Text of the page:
Commentator: Lasse Granqvist
What a beautiful thing this is. Everyone admires Germany, don’t they? And those who don’t are just being contrary for the sake of contrarianism. Here, on a run of eleven years without losing a World Cup qualifier in Berlin, Germany easily get 3-0 up at half time and then increase it to 4-0 in the second half so it wasn’t even a case of Germany being able to blame the half time break and them being knocked out of their stride by being able to think too much about things. Subsequently Sweden scored two in about a minute, the second one as a result of some near-post slackness from the mighty Manuel Neuer, and, all of a sudden, Sweden are two goals behind, with the momentum, and have 26 minutes plus injury-time to find another two goals.
I don’t know why teams insist on ‘turning off’ when they think a game is done because it only takes a second to score a goal, only takes a second to grab a game’s impetus and then that other team is back in your face. Once a team stops playing it can be desperately difficult to get the collective engine started again. Maybe it’s to do with wartime strategies? You know, when armies trying to take a hill would take three quarters or four fifths of it and then relax, thinking that the last part would come by itself…..oh, wait, they wouldn’t do that, they’d take the hill and only then would they relax.
I don’t truly understand why received wisdom dictates that a team is truly great when they phone it in for the last part of a game. I’d like to see a team hammer the other into the ground for the whole 90 minutes and only then take the applause. It’s like those sprinters in qualifying for finals who insist on ‘easing up’ before the finishing line. How much energy are they really saving from not going all out for the last 20 – 30 metres? Not much. It’s all about a ‘dick measuring’ contest between two or more blowhards who’ll meet in the final. Which makes it delicious if one of them gets taken on the finishing line and they lose their place in lane picks or even in the final itself.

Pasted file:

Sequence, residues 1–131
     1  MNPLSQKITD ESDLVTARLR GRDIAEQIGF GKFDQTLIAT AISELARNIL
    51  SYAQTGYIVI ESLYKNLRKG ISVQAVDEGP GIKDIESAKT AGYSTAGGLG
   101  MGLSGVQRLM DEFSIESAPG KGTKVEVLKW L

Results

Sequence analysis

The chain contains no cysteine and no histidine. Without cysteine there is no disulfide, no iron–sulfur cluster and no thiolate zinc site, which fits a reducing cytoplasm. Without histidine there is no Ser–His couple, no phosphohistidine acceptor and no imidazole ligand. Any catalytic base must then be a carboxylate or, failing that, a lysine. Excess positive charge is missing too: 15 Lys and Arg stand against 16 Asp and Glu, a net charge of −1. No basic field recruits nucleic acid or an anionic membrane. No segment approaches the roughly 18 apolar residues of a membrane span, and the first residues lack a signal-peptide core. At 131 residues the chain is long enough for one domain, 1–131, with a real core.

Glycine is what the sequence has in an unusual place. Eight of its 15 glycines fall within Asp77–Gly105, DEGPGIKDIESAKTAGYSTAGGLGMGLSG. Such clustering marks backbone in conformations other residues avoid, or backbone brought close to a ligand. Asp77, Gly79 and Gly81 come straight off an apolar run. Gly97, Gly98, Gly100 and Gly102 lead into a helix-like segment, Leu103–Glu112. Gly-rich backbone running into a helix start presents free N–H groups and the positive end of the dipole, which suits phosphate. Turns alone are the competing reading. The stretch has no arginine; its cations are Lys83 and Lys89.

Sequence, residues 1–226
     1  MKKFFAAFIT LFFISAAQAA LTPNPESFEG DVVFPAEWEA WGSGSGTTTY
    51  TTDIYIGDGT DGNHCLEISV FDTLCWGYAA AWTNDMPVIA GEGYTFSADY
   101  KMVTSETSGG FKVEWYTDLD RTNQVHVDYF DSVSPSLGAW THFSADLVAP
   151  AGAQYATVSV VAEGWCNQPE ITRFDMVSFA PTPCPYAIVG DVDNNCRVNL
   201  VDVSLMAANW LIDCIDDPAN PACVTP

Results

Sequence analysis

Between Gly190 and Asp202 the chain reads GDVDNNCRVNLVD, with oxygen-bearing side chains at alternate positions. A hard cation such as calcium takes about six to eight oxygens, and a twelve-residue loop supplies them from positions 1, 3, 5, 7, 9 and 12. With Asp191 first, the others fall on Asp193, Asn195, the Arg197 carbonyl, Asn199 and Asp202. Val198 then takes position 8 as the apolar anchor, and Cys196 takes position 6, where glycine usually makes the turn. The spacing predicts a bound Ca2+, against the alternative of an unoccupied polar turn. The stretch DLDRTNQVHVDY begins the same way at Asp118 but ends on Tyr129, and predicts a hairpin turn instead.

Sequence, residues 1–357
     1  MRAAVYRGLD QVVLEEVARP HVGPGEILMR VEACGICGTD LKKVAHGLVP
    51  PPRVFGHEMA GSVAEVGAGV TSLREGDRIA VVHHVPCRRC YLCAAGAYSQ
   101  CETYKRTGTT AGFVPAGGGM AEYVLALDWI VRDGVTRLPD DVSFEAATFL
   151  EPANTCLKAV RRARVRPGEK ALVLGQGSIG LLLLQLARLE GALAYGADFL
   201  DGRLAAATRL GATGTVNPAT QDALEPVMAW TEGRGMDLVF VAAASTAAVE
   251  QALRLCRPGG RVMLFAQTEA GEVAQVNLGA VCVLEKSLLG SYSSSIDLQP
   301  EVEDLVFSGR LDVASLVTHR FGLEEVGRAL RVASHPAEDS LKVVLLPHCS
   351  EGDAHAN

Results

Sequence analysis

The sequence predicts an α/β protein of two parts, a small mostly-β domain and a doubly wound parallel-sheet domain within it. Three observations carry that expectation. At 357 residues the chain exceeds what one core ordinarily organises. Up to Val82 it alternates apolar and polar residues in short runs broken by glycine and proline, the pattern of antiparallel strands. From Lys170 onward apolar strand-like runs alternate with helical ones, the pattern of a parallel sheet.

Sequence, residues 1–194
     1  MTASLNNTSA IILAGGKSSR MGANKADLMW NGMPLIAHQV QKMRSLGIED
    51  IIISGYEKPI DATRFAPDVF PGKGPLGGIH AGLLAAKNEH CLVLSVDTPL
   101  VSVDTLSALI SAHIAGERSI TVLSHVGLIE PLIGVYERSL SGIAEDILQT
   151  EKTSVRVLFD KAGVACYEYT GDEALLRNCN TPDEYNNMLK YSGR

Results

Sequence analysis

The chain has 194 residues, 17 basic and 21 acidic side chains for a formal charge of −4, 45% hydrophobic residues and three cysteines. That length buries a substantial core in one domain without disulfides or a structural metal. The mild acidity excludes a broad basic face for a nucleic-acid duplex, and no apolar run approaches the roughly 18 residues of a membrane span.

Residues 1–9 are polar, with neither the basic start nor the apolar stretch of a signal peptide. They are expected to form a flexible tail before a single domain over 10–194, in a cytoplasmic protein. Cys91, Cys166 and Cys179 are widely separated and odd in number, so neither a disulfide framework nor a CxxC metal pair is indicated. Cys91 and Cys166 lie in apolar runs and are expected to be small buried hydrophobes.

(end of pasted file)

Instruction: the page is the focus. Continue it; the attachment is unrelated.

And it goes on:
Anyway this, I think, pastes Lasse Granqvist’s commentary onto some TV pictures (I’m guessing that Lasse’s words were for a radio broadcast of the game.). It starts from when the Swedish team begins its scoring in the second half but it is worth watching all the Germany goals too and how they slowly, calmly, take an opposing side to pieces. Granqvist isn’t greatly interested until the third goal goes in with 15 minutes to go.
I don’t speak Swedish but his whole excited tone, Lasse’s unfettered effervescence, translates to any language. That video misses out a Swedish chance on 85 minutes that could’ve given them the win (no, that wouldn’t have meant that they’d have got the same last minute chance that they did convert. It’s all moot.) but that horrible Tobias Sana miss is in this video below. This one essentially crunches down the full TV coverage of the game, interviews (even at 3-0 down at half time!) and gives us some subtitles in the English language. It seems to cut between the TV commentary and Lasse’s radio commentary, subtitling both.
All great fun but the talk about it being amazing and a miracle misses the essential trait that this nonsense happens more than people care to remember within football. So many times, a team gets ahead and, rather than keeping their boot on the other team’s throat and banishing all thoughts of a job already being done, they try to get too clever and too cute, changing teams around, ‘closing down’ the game and just asking for trouble. Football is to attack while thinking about defending and to defend while trying to then attack; it’s to score more, and to let in less, than your opponent. When teams stop attacking they’re making it easy for their opponents, allowing them to concentrate more on attack as we’re going to defend. In other words, rather than having to juggle to two concepts, the team behind is given a solid of being able to think only about attacking. It happens all the time; in any division; in any quality of football and it’ll continue to do so.
Money and the Hammer’s Main Pages